Common Uses of Long Range Drones

Drones can fly further than ever before. That means they’ve found their way into some of the world’s most demanding and productive industries. Commercial drone operators now use long range drone platforms for:

  • Mapping. Long range commercial drones are often used to create maps and 3D models that support new construction, engineering, agriculture and mining projects.
  • Surveying. Surveying data is key to all construction and engineering projects. Long range drones support a huge range of surveying functions like mapping, thermal imaging, monitoring, measuring and more.
  • Agriculture. The scale of modern farms mean that long range drones are widely used in agriculture projects. Drones are ideal for monitoring crops, spraying treatments, planning projects and more.
  • Mining. Drones are the ideal tool for working in remote mine site locations. Mining companies commonly use long range drones for prospecting, stockpile management and equipment inspection.
  • Search and rescue. Long range drones are now being deployed in search and rescue operations where they are capable of traversing difficult terrain and disaster sites quickly and efficiently.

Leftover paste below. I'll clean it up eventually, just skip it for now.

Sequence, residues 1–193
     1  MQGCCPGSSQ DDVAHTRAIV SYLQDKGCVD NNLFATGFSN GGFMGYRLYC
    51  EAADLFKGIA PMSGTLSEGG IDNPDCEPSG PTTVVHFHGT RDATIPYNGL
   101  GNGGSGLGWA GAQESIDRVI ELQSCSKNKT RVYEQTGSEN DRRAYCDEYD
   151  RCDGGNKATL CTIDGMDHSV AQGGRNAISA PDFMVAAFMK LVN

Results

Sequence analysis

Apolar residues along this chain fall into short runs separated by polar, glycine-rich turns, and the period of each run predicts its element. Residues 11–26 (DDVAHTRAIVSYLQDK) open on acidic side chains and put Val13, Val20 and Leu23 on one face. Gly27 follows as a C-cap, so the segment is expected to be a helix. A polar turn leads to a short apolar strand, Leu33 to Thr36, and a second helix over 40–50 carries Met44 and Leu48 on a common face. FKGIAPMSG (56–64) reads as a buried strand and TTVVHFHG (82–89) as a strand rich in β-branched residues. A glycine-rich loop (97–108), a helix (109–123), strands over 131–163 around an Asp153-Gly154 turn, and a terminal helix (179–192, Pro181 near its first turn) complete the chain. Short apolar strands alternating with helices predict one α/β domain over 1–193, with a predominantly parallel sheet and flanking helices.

Find Out Exactly How Far Drones Can Fly with Advanced Aerial Solutions!

The incredible range of modern drone platforms makes them one of the world’s most versatile tools. Whether it’s for surveying, drone farm mappingagriculture drone spraying or mining work, long range drones are the perfect platform for commercial operators of all sizes. If you’re ready to find out how our drones can transform your business, get in touch with Advanced Aerial Solutions!

AAS is a drone service provider that offers drone mapping, thermal imaging, surveying, agriculture spraying and much more. Our fleet of drones includes some of the latest equipment from DJI, allowing us to fly further and capture powerful data for your business. To find out more about our drone services, or to enquire about our range of DJI drones, you can contact us online!